Exclusive Interview

Hoskinson: Cardano Can Beat Facebook in Emerging Markets

We caught up with the Cardano founder at a Tel Aviv workshop to discuss decentralisation, Shelley and Africa

On Monday, in the midst of the buttery air of the relentlessly humid city that is Tel Aviv, Finance Magnates headed over to one of Israel’s many workspaces. The occasion? A meeting with Cardano founder Charles Hoskinson.

The blockchain whizz has been on something of a world tour over the past couple of months. Alongside visits to the presidents of Mongolia and Georgia, Hoskinson has spoken at events in Tokyo and New York since the beginning of May.

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When we spoke to him, he was gearing up to address a group of developers, blockchain geeks, and cryptocurrency fanboys. He had also just come off a five day fast and was looking, perhaps paradoxically, both refreshed and tired.

Bring in the developers

“Israel is a good talent hub,” said Hoskinson as we began our interview. “There’s an amazing group of developers and scientists here. If you are doing anything in cryptography, technology or engineering, there’s probably an Israeli involved somewhere.”

The Cardano team was also in town to get some feedback on its products. A day before Hoskinson and I spoke, the company had launched a demo version of Shelley – the latest step in Cardano’s efforts to completely decentralize its blockchain system.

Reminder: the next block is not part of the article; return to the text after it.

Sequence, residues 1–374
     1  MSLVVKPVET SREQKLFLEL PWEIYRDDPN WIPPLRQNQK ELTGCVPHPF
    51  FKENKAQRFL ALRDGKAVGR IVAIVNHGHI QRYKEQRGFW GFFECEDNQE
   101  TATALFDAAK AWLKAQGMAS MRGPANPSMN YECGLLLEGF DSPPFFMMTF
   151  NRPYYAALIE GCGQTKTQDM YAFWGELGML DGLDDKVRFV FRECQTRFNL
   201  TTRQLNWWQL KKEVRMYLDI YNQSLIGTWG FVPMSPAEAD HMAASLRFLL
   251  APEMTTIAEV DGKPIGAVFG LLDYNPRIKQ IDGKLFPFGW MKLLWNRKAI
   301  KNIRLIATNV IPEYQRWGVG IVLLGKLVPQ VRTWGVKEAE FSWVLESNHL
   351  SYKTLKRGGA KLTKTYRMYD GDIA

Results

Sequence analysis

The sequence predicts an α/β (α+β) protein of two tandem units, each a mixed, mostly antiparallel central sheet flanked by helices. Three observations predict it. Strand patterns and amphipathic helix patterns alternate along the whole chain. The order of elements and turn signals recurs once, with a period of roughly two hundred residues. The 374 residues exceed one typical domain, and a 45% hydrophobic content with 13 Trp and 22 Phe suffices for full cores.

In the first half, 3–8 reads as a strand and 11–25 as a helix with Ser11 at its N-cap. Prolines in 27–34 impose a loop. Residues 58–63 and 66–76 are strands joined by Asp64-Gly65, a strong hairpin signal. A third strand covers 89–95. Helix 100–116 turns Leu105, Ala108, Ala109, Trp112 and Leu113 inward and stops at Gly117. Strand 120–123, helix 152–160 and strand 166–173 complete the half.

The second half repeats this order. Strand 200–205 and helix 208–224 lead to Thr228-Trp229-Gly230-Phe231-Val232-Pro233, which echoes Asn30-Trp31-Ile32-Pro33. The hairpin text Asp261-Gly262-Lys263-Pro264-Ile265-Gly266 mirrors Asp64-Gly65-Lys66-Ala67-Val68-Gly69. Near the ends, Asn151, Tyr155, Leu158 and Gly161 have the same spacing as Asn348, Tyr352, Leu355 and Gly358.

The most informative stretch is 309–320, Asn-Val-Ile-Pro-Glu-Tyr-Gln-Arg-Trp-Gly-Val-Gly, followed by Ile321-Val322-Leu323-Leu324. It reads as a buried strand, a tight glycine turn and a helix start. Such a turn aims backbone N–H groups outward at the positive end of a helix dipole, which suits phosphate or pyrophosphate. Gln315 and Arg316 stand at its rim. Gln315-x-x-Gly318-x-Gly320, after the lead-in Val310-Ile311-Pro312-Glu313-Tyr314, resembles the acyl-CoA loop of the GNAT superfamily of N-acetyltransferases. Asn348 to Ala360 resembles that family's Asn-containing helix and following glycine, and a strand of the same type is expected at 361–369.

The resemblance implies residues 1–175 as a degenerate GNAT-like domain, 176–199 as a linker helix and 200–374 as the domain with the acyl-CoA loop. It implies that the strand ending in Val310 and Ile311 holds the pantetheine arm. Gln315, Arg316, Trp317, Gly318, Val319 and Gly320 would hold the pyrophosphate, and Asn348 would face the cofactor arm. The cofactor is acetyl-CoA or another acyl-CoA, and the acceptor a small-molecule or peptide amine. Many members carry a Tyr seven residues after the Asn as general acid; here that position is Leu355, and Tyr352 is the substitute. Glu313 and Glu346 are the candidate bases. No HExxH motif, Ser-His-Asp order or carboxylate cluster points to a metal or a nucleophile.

Running via a testnet website, the new stage in the blockchain system’s development will be given a trial-run by developers before the wider public is granted access to it. And Israelis, who are not known for their tactfulness, would be the perfect people to provide any pointers to Hoskinson and his team.

“The great part about Israel is Israelis are very good at being critical in a constructive way,” Hoskinson told me. “So it’s a great place to go and test products. These events are so important because they’re introducing the programming community for the first time ever to a completely new model of writing smart contracts that we spent three years researching.”

Getting the right people

Accustomed as I am to large-scale events, with speakers talking in vague terms about “adoption” and “decentralization,” it was interesting to be at the Cardano event. Though it was small in size – there were probably 30 or 40 people there – Hoskinson clearly believed that it’s groups of influential programmers, like those at the workspace, that are key to getting people to use Cardano’s products.

“It’s not our job to wake up and say, ‘how do we bring 10 million people or 100 million people into our system?’” the Cardano founder told me. “The first duty after you construct a platform like ours is to get the developers in and then show them what they can do with it and then ask them ‘what type of experiences would you like to create? What problems would you like to solve?’

“And by definition, we’d like those [developers] to be really bright and very competitive. We’d like them to be hungry. We’d like them to wake up every single day with a burning desire to solve big challenges and make a name for themselves because the more motivated they are, the better job they’re going to do and create a great experience. And if they do it on Cardona, they bring more people into Cardona. It’s that simple.”

“The community has been exceedingly unfair with their criticism”